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In historic year for Tennessee baseball, let's dive into Vols' long-ball past | Strange

University of Tennessee baseball fans are having a, um, blast, watching the Vols launch shots over the fence.

Whether it’s been Luc Lipcius, Evan Russell, Jordan Beck, Trey Lipscomb, or, this year, Christian Moore and Blake Burke, the home run has been an element of UT’s baseball resurgence in the Tony Vitello era.

This 2024 season is far – Vol fans hope – from done. Yet already we’ve witnessed both Moore and Burke surpass the program record for career dingers.

So, today, a dive into Tennessee’s long-ball history.

At this writing at the end of the regular season, Moore has claimed the UT season record for home runs with 27. He’s also the career king with 54. Burke has so far added 16 homers to his total this year for a career mark of 46, second only to Moore.

Tennessee's Christian Moore, who owns season and career records for homers, hits against South Carolina at Lindsey Nelson Stadium on May 18. The Vols won 4-1 to sweep the series.
Tennessee's Christian Moore, who owns season and career records for homers, hits against South Carolina at Lindsey Nelson Stadium on May 18. The Vols won 4-1 to sweep the series.

They’ve gotten there in three seasons. The two juniors play side by side in the Vols infield, Moore at second, Burke at first. They bat 1-2 in the order.

They arrived at Tennessee from the far reaches of the continent, Moore from Brooklyn, New York, and Burke from California.

The career record on opening day belonged to Lipcius, 40 home runs from 2017-22.

I studied the progression of the school home-run record. At least the progression from 1951. Tennessee first fielded a baseball team in 1897 but no individual stats are available for the first four decades.

Maybe the Vols had a collegiate Sultan of Swat in the Roaring ‘20s. If so, his name is lost to history. The first individual stats appear for 1951, perhaps not coincidentally Tennessee’s initial trip to the College World Series.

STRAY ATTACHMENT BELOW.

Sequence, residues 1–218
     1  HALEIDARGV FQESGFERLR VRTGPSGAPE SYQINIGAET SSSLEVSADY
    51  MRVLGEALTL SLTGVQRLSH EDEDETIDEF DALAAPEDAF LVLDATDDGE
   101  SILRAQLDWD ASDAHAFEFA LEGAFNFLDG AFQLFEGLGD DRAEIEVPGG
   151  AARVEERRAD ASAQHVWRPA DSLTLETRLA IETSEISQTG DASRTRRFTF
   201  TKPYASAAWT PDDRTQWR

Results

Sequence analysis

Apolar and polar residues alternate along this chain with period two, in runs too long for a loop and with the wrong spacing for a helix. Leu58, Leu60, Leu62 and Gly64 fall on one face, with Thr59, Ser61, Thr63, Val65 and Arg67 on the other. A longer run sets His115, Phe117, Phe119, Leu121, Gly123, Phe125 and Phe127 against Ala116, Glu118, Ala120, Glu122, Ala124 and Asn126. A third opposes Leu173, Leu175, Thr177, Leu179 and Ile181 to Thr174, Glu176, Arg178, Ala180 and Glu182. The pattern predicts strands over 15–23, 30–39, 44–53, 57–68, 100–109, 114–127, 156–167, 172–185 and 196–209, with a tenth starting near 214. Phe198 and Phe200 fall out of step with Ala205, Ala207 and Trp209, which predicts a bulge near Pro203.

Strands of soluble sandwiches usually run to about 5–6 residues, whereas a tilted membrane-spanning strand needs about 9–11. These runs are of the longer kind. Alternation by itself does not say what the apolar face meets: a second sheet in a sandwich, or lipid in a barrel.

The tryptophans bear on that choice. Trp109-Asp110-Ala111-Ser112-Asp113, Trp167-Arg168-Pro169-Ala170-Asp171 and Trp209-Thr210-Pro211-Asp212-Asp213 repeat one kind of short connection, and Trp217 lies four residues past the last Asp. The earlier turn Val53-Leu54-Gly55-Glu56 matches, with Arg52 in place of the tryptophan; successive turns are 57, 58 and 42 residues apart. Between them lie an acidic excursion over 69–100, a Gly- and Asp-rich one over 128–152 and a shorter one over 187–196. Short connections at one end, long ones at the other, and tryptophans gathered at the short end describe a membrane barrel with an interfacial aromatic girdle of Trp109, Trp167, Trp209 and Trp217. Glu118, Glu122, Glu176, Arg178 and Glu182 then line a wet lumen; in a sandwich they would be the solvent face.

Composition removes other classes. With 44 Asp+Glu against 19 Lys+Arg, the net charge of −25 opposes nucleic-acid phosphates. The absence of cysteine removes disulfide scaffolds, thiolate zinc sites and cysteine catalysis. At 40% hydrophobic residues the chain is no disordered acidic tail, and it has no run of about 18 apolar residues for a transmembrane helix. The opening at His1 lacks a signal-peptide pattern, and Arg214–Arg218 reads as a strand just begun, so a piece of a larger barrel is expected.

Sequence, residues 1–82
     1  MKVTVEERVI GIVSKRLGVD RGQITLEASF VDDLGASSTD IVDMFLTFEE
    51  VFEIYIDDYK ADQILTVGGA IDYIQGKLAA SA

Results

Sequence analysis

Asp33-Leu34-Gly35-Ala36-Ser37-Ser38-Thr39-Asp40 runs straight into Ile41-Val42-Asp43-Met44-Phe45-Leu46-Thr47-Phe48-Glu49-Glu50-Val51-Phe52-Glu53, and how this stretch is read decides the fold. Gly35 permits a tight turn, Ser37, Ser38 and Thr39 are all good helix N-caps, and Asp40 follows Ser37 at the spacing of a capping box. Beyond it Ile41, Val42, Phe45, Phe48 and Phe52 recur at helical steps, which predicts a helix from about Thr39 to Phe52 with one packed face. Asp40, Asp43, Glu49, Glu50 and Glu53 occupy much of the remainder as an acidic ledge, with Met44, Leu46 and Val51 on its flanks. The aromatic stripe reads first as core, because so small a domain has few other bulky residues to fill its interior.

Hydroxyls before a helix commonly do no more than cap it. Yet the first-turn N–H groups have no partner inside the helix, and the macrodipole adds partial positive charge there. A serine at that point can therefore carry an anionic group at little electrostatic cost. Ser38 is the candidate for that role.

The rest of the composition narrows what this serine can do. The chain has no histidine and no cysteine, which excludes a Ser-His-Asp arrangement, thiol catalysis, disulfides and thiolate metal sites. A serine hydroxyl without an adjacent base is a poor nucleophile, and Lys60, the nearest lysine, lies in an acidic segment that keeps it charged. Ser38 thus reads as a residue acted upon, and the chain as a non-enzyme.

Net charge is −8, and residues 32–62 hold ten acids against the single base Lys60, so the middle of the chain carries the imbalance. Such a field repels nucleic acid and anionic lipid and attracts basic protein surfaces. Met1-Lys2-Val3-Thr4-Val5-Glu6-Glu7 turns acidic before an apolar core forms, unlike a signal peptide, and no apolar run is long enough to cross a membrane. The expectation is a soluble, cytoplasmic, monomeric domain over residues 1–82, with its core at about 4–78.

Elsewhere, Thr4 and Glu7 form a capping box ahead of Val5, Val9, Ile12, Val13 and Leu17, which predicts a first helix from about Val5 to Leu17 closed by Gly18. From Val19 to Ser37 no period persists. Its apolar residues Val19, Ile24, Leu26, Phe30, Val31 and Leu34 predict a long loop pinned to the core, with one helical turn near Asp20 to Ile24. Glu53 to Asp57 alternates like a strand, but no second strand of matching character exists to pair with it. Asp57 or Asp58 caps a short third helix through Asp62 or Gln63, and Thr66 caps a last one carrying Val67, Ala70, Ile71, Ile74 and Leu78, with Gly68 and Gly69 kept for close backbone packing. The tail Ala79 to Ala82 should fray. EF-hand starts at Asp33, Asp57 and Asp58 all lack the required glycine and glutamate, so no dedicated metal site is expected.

So the home run record begins with Bert Rechichar. Best known as a football star and captain for Robert Neyland’s 1951 national champions, Rechichar hit four dingers in ’51.

The first Vol to reach double figures in a season was Phil Garner, with 12 home runs in 1969. The Bearden High product would go on to a long career as a player and manager in the major leagues.

Garner’s mark lasted only until 1973 when Bobby Tucker, an outfielder from Memphis, propelled 13 balls over the fence. Tucker departed as the career champ with 34.

He remains the all-time leader in slugging percentage at .721. Tucker, who died in 2013, holds the distinction of being UT’s only four-time All-SEC honoree.

Chuck “Boom Boom” Barclift raised the bar to 20 homers in 1980. The first-baseman from Charlotte, North Carolina, was a transfer from Louisburg College and played just two seasons at UT.

Barclift’s record survived 18 years. The man who broke it was Sonny Cortez, an outfielder from Long Beach, California.

Cortez smacked 24 home runs in 1998. A junior college transfer, Cortez arrived for the 1996 season and hit 12 homers. He missed ’97, then returned as a senior to double that total and surpass Barclift’s record.

And that’s where it stayed until a couple weeks ago.

On May 16, Moore hit his 25th and 26th homers in a win over South Carolina. He added No. 27 the next day.

As for the career record, we return to Tucker’s 34 from 1970-73.

Doug Hecker took it to 37 in 1990-92. Todd Helton upped it to 38 as a junior in 1995 before leaving for what would be a Hall of Fame career in the bigs.

In 2022, Helton’s mark fell to both Russell, 39, and Lipcius, 40. Each was benefiting from an extra year of eligibility granted due to the 2020 season being shortened by COVID.

Now they’re all looking up at Moore and Burke. And it’s not over yet.

Mike Strange is a former writer for the News Sentinel. He currently writes a weekly sports column for Shopper News.

This article originally appeared on Knoxville News Sentinel: Tennessee baseball home-run hitters through history